The origin of the Word gospel

A conference in Dublin this coming weekend is intended to heighten public awareness of a jewel in the crown of the remarkable…

A conference in Dublin this coming weekend is intended to heighten public awareness of a jewel in the crown of the remarkable collection which is the Chester Beatty gospel papyri. Or P45 to give them their official scholarly designation.

They form a substantial part of one of the earliest known codices of the four gospels, dating from the third century (circa AD 250) and are a direct link with the Christian Church while it was still a persecuted sect within the Roman empire.

They also put us in touch with the earliest period of a movement destined to shape much of Western and global civilisation.

The papyri are then cultural artefacts of the highest significance, of interest to the concerned secularist as well as being worthy of respect from the committed Christian.


Like all such artefacts, the papyri call for contextualisation within their own world if their significance for ours is to be properly assessed. Jesus and the first Christians were heirs to the tradition of the Torah as a written collection of Israel's sacred writings. Yet, unlike some other Jewish reform movements, such as the Essenes whose library is now known from the Dead Sea Scrolls, the early Christians were not a scholastic community.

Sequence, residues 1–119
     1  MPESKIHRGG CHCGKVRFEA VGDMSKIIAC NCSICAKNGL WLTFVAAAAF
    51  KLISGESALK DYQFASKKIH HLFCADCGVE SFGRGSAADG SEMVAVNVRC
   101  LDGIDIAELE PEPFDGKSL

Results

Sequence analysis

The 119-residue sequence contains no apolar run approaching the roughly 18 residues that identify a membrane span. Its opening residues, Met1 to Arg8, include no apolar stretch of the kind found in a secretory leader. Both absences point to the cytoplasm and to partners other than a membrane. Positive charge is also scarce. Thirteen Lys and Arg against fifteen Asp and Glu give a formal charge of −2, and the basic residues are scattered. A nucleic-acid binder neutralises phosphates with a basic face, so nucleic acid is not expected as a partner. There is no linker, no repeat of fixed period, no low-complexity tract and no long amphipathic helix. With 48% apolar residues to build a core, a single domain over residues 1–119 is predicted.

Jesus's Pharisee opponents accused him of being "unschooled" (John 7, 15). His earliest followers were described as "ignorant" and "illiterate" (Acts of the Apostles 4,13). But it is important to judge these statements as vilification by the small literate elite in Jerusalem.

True, Paul used letter-writing as a way of communicating with the communities he had established in various cities, and a collection of his letters must have been made shortly after his death. An early version of this is also represented in the Chester Beatty collection (P46). The case of Paul indicates a shift in the social standing and urban context of some at least of his new converts, as distinct from Jesus's own ministry which was largely concentrated on the rural villagers of Galilee. Yet even Paul insists that his preference was for the spoken rather than the written word.

The impulse to produce a narrative account of Jesus's life and ministry was probably due to liturgical and catechetical needs, the death of the eyewitnesses to Jesus's life and the shift from the Aramaic-speaking oral culture to the Greek-speaking urban world of the Pauline mission. In that circle history-writing and biography were well-established literary genres. So it was necessary to produce "an accurate account of all that has been accomplished among us, as these were handed on by those who from the beginning were eyewitnesses and ministers of the Word" (Luke 1, 1-4).